Sons of Edison consists of Michael Casinelli and Richard Livoni, who jointly wrote all 14 songs on this self-produced CD. The San Diego-based duo describe themselves as a “virtual band,” which means that they play all of the instruments on 12 of the 14 tracks (through the magic of multi-track recording), with supporting musicians (including Eve Selis) featured on two. Strikes Again is the group’s second album, following their self-titled 2002 debut. Casinelli, a past president of the San Diego Songwriter’s Guild, plays keyboards, synthesizer, and percussion, and provides background vocals to Livoni’s guitar, bass, drums, and lead vocals. Both musicians are seasoned journeymen who are veterans of the studio and the stage. Livoni, who owns and operates Blitz Recording Studio in San Diego (where the album was recorded), was part of the popular southern California rock band, The Blitz Brothers, which, during its existence from 1973 to 1986, frequently opened for touring headliners. So the Sons of Edison have cred in the genre they describe as “classic rock with a contemporary edge.”
For the most part, Strikes Again evokes the soft side of classic rock/pop – reminding the listener of America, the Eagles, Guess Who/BTO, and similar groups from the ‘70s and ‘80s. The retro sound is reinforced by a song structure emphasizing hooks and choruses, and lyrics that bemoan lost romance. Yet the repertoire is varied enough to defy easy categorization.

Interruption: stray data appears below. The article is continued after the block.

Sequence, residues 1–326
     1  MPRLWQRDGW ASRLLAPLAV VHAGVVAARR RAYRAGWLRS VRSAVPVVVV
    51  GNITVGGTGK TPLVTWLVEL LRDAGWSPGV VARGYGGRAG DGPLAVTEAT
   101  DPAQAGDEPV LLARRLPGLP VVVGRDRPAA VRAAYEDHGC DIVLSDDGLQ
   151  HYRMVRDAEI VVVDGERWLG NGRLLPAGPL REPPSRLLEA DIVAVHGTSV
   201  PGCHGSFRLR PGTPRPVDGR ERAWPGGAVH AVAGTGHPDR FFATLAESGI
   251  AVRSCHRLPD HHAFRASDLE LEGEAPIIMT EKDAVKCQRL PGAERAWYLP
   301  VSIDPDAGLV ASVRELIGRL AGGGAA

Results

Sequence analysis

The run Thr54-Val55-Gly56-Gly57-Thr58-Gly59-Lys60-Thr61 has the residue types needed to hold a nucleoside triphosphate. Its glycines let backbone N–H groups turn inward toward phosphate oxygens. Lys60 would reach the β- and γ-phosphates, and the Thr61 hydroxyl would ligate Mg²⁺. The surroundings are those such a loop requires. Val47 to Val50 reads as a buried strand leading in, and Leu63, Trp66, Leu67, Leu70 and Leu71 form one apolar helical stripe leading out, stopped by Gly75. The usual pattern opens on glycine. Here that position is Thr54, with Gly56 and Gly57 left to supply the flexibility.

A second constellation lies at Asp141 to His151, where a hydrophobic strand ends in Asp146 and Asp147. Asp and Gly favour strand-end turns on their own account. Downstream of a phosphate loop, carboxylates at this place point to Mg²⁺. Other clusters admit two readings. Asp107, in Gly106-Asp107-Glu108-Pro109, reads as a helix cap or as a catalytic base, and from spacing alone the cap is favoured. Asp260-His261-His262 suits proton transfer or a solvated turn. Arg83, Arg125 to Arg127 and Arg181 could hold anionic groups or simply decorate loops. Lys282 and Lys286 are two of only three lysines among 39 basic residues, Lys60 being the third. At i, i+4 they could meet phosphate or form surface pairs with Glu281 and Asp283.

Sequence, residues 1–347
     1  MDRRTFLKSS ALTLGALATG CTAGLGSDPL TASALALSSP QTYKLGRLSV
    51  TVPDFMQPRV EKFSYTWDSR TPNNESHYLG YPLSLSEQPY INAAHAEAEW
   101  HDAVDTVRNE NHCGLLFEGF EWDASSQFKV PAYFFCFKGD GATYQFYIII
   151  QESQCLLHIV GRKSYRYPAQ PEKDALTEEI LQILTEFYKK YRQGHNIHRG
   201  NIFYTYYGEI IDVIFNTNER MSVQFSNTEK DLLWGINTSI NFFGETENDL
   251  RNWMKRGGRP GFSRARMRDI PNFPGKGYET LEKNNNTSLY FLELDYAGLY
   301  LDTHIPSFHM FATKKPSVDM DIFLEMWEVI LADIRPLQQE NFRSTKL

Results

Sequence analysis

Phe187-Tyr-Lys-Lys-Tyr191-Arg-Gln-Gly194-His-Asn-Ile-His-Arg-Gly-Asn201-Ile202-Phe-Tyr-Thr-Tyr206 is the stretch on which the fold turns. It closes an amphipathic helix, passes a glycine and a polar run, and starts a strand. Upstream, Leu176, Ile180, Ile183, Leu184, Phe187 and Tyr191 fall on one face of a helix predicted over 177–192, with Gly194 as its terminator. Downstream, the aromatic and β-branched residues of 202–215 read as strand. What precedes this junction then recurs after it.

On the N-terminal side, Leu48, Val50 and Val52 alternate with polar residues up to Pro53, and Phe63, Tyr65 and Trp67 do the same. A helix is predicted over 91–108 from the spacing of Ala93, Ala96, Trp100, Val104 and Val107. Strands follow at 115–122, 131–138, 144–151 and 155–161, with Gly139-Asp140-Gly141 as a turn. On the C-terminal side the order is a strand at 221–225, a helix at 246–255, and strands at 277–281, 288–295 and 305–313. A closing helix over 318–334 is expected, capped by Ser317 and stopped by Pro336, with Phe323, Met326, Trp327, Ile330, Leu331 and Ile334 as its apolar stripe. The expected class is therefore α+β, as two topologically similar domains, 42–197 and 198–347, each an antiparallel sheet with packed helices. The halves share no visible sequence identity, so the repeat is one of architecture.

“One Stone at a Time” is a very melodic acoustic rendition of one of the most popular songs from the group’s first album. “My Darling Forever” is a father’s ode to his darling daughter. Casinelli’s synthesizer provides a decent facsimile of a horn section in “You Don’t Know Me,” “Send Her to Me,” and “I Keep Falling,” which captures the mood of Motown. Casinelli’s piano work shines through on the ballad, “Can’t You Hear My Heart.”
“In Heaven Already,” “Tryin’ to Survive in America,” “This Can’t Go On,” and “Stardom City” have more of a rock and roll edge, displaying Livoni’s considerable prowess on the electric guitar. “Send Her to Me” has a blues flavor, with background vocals by Laticia Carrington. The catchy “He’s No Good For You” features a soulful Eve Selis on lead vocals and session pro Larry Dent on drums (as well as some excellent guitar work by Livoni) with an R&B beat.
My favorites songs from the album are “He’s No Good For You” and the closing track, “Stardom City,” which is a defiant anthem to musicians who never give up on the “long long road to Stardom City.” The 60-year old Livoni, who has been playing in bands since the early 1970s, seems to be speaking from the heart when he sings: “Payin’ my dues for so many years/Just for a chance to get across that line.”